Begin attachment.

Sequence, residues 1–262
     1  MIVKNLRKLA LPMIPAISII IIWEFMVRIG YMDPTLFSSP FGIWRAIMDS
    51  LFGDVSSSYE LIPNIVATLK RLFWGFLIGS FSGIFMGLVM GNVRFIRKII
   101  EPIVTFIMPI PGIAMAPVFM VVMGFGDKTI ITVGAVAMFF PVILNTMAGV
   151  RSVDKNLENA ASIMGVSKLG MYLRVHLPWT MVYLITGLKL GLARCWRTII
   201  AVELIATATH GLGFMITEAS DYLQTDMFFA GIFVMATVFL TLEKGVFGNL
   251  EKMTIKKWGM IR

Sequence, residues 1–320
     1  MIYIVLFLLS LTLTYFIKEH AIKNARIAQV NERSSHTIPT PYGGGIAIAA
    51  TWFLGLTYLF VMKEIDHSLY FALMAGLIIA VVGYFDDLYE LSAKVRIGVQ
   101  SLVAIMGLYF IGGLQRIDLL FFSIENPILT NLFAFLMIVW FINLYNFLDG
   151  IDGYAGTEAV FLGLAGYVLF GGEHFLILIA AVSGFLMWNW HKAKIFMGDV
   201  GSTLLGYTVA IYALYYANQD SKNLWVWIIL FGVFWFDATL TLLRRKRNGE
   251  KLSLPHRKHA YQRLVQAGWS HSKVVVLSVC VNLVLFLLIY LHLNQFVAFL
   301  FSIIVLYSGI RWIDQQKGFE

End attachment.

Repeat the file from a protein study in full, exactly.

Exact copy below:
Sequence, residues 1–262
     1  MIVKNLRKLA LPMIPAISII IIWEFMVRIG YMDPTLFSSP FGIWRAIMDS
    51  LFGDVSSSYE LIPNIVATLK RLFWGFLIGS FSGIFMGLVM GNVRFIRKII
   101  EPIVTFIMPI PGIAMAPVFM VVMGFGDKTI ITVGAVAMFF PVILNTMAGV
   151  RSVDKNLENA ASIMGVSKLG MYLRVHLPWT MVYLITGLKL GLARCWRTII
   201  AVELIATATH GLGFMITEAS DYLQTDMFFA GIFVMATVFL TLEKGVFGNL
   251  EKMTIKKWGM IR

Sequence, residues 1–320
     1  MIYIVLFLLS LTLTYFIKEH AIKNARIAQV NERSSHTIPT PYGGGIAIAA
    51  TWFLGLTYLF VMKEIDHSLY FALMAGLIIA VVGYFDDLYE LSAKVRIGVQ
   101  SLVAIMGLYF IGGLQRIDLL FFSIENPILT NLFAFLMIVW FINLYNFLDG
   151  IDGYAGTEAV FLGLAGYVLF GGEHFLILIA AVSGFLMWNW HKAKIFMGDV
   201  GSTLLGYTVA IYALYYANQD SKNLWVWIIL FGVFWFDATL TLLRRKRNGE
   251  KLSLPHRKHA YQRLVQAGWS HSKVVVLSVC VNLVLFLLIY LHLNQFVAFL
   301  FSIIVLYSGI RWIDQQKGFE